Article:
And complaisantly help'd to all I hate, One boundless green, or flourish'd carpet views, Treated, caress'd, and tird, I take my leave, With all the mournful family of yews :

Sick of his civil pride from morn to eve; The thriving plants, ignoble broomsticks made, I curse such lavish cost, and little skill, Now sweep those alleys they were born to shade. And swear no day was ever pass'd so illa


Yet hence the poor are cloth’d, the hungry fed; Imperial wonders rais'd on nations spoild, Health to himself, and to his infants bread, Where mix'd with slaves the groaning martyr The labourer bears : What his hard heart denies,

toil'd: His charitable vanity supplies.

Huge theatres, that now unpeopled woods, Another age shall see the golden ear

Now drain'd a distant country of her floods : Imbrówn the slope, and nod on the parterre, Fanes, which admiring gods with pride survey ; Deep harvest bury all his pride has plann'd, Statues of men, scarce less alive than they! And laughing Ceres re-assume the land.

Some felt the silent stroke of mouldering age,
Who then shall grace, or who improve the soil? Some hostile fury, some religious rage.
Who plants like Bathurst, or who builds like Boyle. Barbarian blindness, christian zeal conspire,
'Tis use alone that sanctifies expense,

And papal piety, and gothic fire.
And splendour borro vs all her rays from sense. Perhaps, by its own ruins sav'd from flame,
His father's acres who enjoys in peace,

Some bury'd marble half preserves a name;
Or makes his neighbours glad, if he increase : That name the learn'd with fierce disputes pursue,
Whose cheerful tenants bless their yearly toil, And give to Titus old Vespasian's due.
Yet to their lord owe more than to the soil;

Ambition sigh'd : she found it vain to trust Whose ample lawns are not asham'd to feed The faithless column and the crumbling bust : The milky heifer and deserving steed;

Huge moles, whose shadow stretch'd from shore to Whose rising forests, not for pride or show,

shore, But future buildings, future navies, grow :

Thuir ruins perish'd, and their place no more! Let his plantations stretch from down to down, Convincid, she now contracts her vast design, First shade a country, and then raise a town. And all her triumphs shrink into a coin. You too proceed! make falling arts your care,

A narrow orb each crouded conquest keeps, Erect new wonders, and the old repair ;

Beneath her palm here sad Judea weeps Jones and Palladio to themselves restore,

Now scantier limits the proud arch confine, And be whate'er Vitruvius was before:

And scarce are seen the prostrate Nile or Rhine ; Till kings call forth the ideas of your mind, A small Euphrates through the piece is rollid, (Proud to accomplish what such hands design'd) And little eagles wave their wings in gold. Bid harbours open, public ways extend,

The medal, faithful to its charge of fame, Bid temples worthier of the God ascend;

Through clines and ages bears each form and name: Bid the broad arch the dangerous food contain, In one short view subjected to our eye The mole projected break the roaring main ; Gods, emperors, heroes, sages, beauties, lie. Back to his bounds their subject sea command,

With sharpen'd sight pale antiquaries pore, And roll obedient rivers through the land;

Th'instription value, but the rust adore. These honours, Peace to happy Britain brings;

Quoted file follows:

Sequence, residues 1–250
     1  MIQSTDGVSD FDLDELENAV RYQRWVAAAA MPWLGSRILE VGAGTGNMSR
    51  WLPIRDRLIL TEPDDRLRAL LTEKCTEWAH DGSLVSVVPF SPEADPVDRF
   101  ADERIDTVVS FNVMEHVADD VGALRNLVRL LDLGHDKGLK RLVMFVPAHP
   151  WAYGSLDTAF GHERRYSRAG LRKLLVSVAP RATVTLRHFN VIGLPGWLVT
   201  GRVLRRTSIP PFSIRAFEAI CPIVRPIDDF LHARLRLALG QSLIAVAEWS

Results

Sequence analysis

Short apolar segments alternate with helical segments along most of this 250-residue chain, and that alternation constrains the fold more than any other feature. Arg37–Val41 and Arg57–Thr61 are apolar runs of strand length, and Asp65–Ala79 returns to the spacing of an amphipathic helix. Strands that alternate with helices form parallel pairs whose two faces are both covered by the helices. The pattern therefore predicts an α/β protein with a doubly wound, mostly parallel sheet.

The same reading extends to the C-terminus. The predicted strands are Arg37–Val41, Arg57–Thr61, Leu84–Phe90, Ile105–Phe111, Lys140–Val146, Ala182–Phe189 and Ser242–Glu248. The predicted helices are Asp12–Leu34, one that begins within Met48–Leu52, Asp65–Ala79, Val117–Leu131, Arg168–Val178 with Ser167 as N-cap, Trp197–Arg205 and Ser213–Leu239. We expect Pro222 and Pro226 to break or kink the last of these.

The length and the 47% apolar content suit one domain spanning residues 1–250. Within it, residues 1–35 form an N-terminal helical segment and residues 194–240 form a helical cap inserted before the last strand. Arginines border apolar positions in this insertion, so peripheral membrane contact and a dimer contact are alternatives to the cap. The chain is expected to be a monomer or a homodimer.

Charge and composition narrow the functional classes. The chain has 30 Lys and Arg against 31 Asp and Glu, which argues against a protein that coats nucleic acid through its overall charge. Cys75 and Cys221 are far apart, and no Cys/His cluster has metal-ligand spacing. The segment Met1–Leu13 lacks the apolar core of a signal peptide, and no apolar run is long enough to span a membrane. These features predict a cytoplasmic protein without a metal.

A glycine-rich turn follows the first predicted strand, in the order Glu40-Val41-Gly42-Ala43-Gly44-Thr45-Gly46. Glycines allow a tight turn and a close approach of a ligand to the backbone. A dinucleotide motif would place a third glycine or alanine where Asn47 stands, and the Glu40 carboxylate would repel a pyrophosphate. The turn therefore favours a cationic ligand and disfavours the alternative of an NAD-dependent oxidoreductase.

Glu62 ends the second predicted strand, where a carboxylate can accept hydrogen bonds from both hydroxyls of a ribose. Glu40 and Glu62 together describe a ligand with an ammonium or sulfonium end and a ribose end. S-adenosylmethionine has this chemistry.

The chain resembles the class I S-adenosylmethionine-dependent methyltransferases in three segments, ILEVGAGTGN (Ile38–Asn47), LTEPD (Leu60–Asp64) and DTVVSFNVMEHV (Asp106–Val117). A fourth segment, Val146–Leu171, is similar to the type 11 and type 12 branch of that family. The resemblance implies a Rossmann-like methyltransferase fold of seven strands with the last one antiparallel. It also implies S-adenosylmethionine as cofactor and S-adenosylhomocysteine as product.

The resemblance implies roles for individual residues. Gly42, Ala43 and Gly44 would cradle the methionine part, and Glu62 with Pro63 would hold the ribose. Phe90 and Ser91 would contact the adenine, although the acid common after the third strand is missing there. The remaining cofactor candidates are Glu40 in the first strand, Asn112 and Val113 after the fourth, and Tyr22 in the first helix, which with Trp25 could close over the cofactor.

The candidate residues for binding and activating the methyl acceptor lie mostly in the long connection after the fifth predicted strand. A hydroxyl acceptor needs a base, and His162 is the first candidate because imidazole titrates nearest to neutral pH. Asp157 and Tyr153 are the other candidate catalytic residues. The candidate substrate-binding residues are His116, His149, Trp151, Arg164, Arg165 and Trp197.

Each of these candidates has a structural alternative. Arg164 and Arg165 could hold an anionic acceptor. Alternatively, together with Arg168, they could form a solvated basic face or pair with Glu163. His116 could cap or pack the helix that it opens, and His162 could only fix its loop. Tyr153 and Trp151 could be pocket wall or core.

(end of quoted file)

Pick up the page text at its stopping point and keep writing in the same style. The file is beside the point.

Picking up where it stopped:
This the blue varnish, that the green endears, These are imperial works and worthy kings.

The sacred rust of twice ten hundred years !
To gain Pescenius one einploys his schemes,
One grasps a Cecrops in ccstatic dreams.
Poor Vadius, long with learned spleen devour'd,
Can taste no pleasure since his shield was scour'd:

And Curio, restless by the fair-one's side,

Sighs for an Otho, and neglects his bride.

Theirs is the vanity, the learning thine :

Touch'd by thy hand, again Rome's glories shine:

Her gods and godlike heroes rise to view,

And all her faded garlands bloom anew.

Nor blush, these studies thy regard engage :
These pleas'd the fathers of poetic rage :

T'he verse and sculpture bore an equal part,
This was originally written in the year 1715, when And art reflected images to art.

Mr. Addison intended to publish his book of Oh, when shall Britain, conscious of her claim, medals; it was some time before he was secre- Stand emulous of Greek and Roman fame? tary of state; but not published till Mr. Tickell's In living medals see her wars enrollid, edition of his works; at which time his verseson And vanquish'd realins supply recording gold ? Mr. Cragas, which conclude the poem, were Here, rising bold, the patriot's honest face; added. viz. in 1720.

There, warriors frowning in historic brass : As the third epistle treated of the extremes of Then future ages with delight shall see

avarice and profusion; and the fourth took np How Plato's, Bacon's, Newton's looks agree; one particular branch of the latter, namely, the Or in fair series laureld bards be shown, vanity of expense in people of wealth and qua- A Virgil there, and here an Addison. lity, and was therefore a corollary to the third; Then shall thy Craggs (and let me call him mine) So this treats of one circumstance of that vanity, On the cast ore, another Pollio, shine : as it appears in the common collectors of old With aspect open shall erect his head, coins; and is, therefore, a corollary to the And round the orb in lasting notes be read, fourth.

“ Statesman, best friend to truth! of soul sineere,

In action faithful, and in bonour clear; See the wild waste of all-devouring years; Who broke no promise, serv'd no private end, how Rome her own sad sepulchre appears, Who gain'd no title, and who lost no fiiend ; Wi:h nodding arches, broken temples spread ! Fonobled by himself, by all approv'd, The very tombs now vanish'd like their dead; And prais’d, unenvy'd, by the Muse he lovid" VOL XII.